Q&A with Peter Schuyff

Install shot. White Cube, Mason’s Yard.
Install shot. White Cube, Mason’s Yard.
Install shot. White Cube, Mason’s Yard.
Install shot. White Cube, Mason’s Yard.
Install shot. White Cube, Mason’s Yard.
Install shot. White Cube, Mason’s Yard.
Install shot. White Cube, Mason’s Yard.
Install Shot. Carl Kostyal Gallery
Detail. Black Jack 1988
Install Shot. Carl Kostyal Gallery
Plato Combinato, 2010, Oil on linen

Phone interview between Peter Schuyff and Nick Hackworth on Sunday 29 March 2020. A show of Peter’s paintings from the 1980’s, curated by Katharine Kostyál, at White Cube, Masons’ Yard and a show of works on paper at Carl Kostyál both opened in mid-March. Both are currently suspended during the crisis.

Nick: So, how’s the apocalypse going for you?

Peter: Well, I’ve run out of pencil lead unfortunately. I’ve started work on this very obsessive project and I was using a rather specialised pencil and half-way through I ran out of lead and I can’t think of a single place where I might get more lead….

Nick: What’s the obsessive project?

Peter: I’ve been working on these samplers. It’s what I often do when I get kinda frustrated, or right after a big show. I sit down and make these very obsessive renderings that are like a smorgasbord, a sampler, of all my ouvres.

Nick: Like the one you had in your show at Carl Kostyál’s a few years back?

Peter: Yes, that one was called ‘Plato Combinato’. That’s a really good example of these samplers. I’m making a few of those. I needed these pencil leads for one where I’m kinda making a portrait of the show that I have at White Cube.

Plato Combinato, 2010, Oil on linen

Nick: Why do you think you tend to do these sampler works after completing shows. Are you visually cataloguing or processing the shows?

Peter: Yeah, I’m visually cataloguing the show I guess, just so I can see it clearly. I’ve always had a fascination with pictures of pictures, whether it’s in 17th Dutch paintings where you often see paintings hanging in the background or in those preposterous 18th century paintings of salons. I’ve often commissioned friends and colleagues to make drawings or paintings of my drawings and paintings. They help me see my own work a little bit clearer.

Nick: What do you like about pictures of pictures?

Peter: Do you know what a Claude Glass is? It’s a piece of black glass, like a mirror, and artists, mostly the Impressionists I believe, would use them to look at their paintings. It renders your painting in black and white and that gives you some distance. Like the abstract expressionists would, y’know, squint at their paintings to see them more clearly or look at them upside down. I love looking at my paintings on an iPhone, especially in my studio, I have a really dark studio so if I photograph it on the iPhone that’s the first time I see it in any kind of light, y’know? And, yeah, it gives you some distance and perspective.

Nick: I managed to catch your show just before I left London and it’s stunning, so; congratulations… but commiserations on the timing. It opened just as this crisis started unfolding in London. How are you feeling about it all?

Peter: It hurts, of course. I’ve been looking forward to this for a couple of years now and I guess I was expecting the show to be a liminal moment for me, y’know? With a before and after. Somehow that before and after thing has been taken away a bit. But if it would have been a show of new paintings, I think would have really been demolished. I would have felt just horrible.

Nick: Because of all the labour you would have invested in the work?

Peter: No, no, it’s not the invested labour, it’s very much about momentum. When I show new paintings, they’re very much paintings I want to show now, not later. Do you know what I mean? Whereas these painting were shown last year, and many people know them already, so it just doesn’t feel quite as much of a loss.

Nick: …They were shown in your exhibition ‘Has Been’ that was on at Le Consortium and at the Kunsthalle Fribourg…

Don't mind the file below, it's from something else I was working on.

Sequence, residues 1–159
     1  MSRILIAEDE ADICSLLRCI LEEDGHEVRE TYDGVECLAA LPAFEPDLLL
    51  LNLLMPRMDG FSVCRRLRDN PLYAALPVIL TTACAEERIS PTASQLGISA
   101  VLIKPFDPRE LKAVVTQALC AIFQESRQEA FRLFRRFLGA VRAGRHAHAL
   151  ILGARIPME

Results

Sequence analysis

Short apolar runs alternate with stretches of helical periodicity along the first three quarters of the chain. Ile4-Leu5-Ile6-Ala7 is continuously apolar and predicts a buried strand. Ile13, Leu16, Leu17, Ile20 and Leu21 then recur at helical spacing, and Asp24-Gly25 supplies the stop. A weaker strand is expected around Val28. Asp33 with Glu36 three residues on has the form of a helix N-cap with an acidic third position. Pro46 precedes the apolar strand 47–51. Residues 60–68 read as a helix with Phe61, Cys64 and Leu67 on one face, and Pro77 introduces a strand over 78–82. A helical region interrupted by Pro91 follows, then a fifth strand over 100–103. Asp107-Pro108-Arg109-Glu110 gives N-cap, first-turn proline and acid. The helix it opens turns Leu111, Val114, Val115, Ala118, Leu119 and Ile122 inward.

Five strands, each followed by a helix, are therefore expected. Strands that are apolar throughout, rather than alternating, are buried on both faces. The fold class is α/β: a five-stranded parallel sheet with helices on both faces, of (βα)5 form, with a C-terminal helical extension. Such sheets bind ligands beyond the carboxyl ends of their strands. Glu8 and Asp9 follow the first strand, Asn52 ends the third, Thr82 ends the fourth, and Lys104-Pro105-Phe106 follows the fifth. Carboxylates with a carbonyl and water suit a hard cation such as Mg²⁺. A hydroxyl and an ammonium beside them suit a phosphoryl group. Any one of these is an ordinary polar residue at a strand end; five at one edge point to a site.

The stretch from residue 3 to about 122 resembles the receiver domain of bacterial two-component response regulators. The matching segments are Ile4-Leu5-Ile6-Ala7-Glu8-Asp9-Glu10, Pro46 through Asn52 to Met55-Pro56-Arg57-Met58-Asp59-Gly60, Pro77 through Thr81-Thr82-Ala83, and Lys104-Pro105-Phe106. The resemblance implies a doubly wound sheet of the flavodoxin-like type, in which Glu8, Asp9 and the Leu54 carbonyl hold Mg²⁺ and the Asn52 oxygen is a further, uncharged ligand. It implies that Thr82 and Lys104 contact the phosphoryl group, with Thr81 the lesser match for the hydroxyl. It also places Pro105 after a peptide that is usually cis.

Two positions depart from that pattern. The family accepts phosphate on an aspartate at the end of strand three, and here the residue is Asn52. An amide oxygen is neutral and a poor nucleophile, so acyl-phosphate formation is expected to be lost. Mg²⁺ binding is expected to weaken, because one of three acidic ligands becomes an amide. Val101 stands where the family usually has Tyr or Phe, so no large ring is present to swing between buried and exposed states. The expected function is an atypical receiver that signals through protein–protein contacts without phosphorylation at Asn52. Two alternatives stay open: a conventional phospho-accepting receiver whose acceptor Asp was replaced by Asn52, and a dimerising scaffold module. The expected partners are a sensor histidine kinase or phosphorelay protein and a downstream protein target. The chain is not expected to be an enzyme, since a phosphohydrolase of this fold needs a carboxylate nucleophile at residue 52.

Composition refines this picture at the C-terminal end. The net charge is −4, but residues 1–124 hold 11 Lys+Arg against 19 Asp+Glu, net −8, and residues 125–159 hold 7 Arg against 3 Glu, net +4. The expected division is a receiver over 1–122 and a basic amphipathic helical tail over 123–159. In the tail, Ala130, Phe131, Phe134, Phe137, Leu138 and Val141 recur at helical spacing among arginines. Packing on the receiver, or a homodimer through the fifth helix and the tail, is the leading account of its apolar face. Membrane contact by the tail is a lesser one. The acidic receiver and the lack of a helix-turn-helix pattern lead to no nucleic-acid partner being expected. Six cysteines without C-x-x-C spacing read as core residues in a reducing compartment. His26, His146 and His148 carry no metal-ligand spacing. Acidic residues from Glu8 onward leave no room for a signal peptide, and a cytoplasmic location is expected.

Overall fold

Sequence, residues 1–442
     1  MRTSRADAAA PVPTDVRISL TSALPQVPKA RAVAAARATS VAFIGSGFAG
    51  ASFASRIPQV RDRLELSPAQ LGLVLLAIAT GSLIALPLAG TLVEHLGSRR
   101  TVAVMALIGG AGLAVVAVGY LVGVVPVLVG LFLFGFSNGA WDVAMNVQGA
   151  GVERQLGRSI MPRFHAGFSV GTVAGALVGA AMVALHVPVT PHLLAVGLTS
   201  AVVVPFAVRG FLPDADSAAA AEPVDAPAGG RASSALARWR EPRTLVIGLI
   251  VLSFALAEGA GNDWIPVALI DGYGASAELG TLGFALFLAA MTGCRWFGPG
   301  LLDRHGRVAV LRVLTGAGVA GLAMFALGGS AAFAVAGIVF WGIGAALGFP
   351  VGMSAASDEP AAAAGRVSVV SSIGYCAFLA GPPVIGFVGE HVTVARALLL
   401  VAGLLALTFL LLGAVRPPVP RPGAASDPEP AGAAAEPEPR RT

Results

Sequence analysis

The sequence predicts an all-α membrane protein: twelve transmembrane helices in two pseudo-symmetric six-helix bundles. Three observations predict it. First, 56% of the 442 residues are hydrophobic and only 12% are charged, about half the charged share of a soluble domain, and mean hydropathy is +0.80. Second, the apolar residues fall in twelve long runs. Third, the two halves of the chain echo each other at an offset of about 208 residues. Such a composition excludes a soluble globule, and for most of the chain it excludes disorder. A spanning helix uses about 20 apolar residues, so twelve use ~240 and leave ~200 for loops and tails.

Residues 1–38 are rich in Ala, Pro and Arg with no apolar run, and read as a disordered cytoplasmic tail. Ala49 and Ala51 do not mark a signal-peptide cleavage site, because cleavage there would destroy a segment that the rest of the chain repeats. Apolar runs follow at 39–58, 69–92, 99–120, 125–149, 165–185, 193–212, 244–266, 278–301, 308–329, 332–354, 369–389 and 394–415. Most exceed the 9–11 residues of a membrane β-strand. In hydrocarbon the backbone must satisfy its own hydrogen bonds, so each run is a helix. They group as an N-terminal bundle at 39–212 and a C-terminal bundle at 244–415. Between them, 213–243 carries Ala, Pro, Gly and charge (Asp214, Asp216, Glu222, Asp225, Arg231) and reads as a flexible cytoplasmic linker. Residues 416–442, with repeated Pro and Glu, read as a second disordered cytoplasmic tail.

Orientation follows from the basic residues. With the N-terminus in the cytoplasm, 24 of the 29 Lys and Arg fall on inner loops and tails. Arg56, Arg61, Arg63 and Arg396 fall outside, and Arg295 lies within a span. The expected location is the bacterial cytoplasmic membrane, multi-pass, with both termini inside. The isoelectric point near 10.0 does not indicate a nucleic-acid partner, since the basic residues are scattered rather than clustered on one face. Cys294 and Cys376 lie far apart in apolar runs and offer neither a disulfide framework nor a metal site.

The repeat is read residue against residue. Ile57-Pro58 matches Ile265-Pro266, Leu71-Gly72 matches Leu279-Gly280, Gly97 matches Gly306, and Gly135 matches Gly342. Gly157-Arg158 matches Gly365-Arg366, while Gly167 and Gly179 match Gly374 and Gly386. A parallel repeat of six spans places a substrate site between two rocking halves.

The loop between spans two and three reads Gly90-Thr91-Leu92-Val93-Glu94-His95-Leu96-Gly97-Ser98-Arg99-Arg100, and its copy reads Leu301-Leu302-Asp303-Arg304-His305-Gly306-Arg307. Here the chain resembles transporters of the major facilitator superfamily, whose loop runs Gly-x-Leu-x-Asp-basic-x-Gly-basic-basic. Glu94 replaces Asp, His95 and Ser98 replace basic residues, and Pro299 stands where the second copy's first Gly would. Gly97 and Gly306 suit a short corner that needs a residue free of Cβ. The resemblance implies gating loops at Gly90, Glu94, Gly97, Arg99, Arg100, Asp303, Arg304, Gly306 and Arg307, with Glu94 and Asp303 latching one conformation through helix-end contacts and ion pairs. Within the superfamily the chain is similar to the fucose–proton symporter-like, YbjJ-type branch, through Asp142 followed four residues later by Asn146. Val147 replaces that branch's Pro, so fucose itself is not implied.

Peter: Yeah. The show at White Cube is obviously more finely tuned, a more specific body of work. At Le Consortium and at Fri Art there were a lot of… I call them ‘figurative’ paintings, these shapes that I would paint. But at White Cube it’s only non-objective work.

Nick: What’s it like walking into a show of works of yours from three to almost four decades ago? Do you still feel connected to the paintings?

Peter: I’m really impressed by them! I’m impressed that, y’know, I was young, and handsome, [Laughs] and so I could afford not to give a shit, which is a great recipe for making paintings! Today I’m old and cynical so I have another way of not giving a shit, which enables me to make really clean and clear paintings and I love that. There was a lot of time in between where I kinda couldn’t do that. When I see these works, especially when I saw them at Le Consortium, I was surprised with how big they are and how much balls I had, my God! Especially the paintings at White Cube, y’know, the audacity I had…. there’s nothing, there’s like nothing there, y’know!

Nick: We’ve talked over the years and you’ve always said your paintings are ‘about nothing’. Is that how you talked and thought about the paintings when you were making them back in the ‘80’s?

Peter: Yeah, I did. A teacher of mine in Vancouver, Michael Morris, used to talk about the problem of nothing. I guess it was almost a spiritual principle of work not needing to be about something. I think when I got to New York that came more naturally. I definitely always talked about it [in this way]. It’s always been an issue. When I showed in Germany in the mid-80’s, I remember a lot of the German artists just being mystified with how little was there in the work, y’know! [Laughs]. There was not a whole lot going on there. Which is sweet, if you have the comfort to do it. Those paintings in the White Cube show are from a moment where I was very comfortable, cos I was young and I was indestructible. That definitely helped and it was nothing for me to get out the way.

Nick: Just before I called you I was talking to a friend of mine, Darren Flook, who runs Freehouse gallery in East London. He’s just started representing Meyer Vaisman…

Peter: Oh wonderful, I love Meyer!

Nick: Yes, we just acquired one of Meyer’s tapestry works for the collection.

Peter: Excellent, excellent buy!

Nick: Thank you! Anyway we were talking about the ‘Neo-Geo’ label you’re both pinned to. Was the Neo Geo thing made up afterwards by critics, or the market, or whoever? Or was there some kind of communality between you, Meyer Vaisman, Peter Halley, Philip Taaffe, Bickerton, Koons…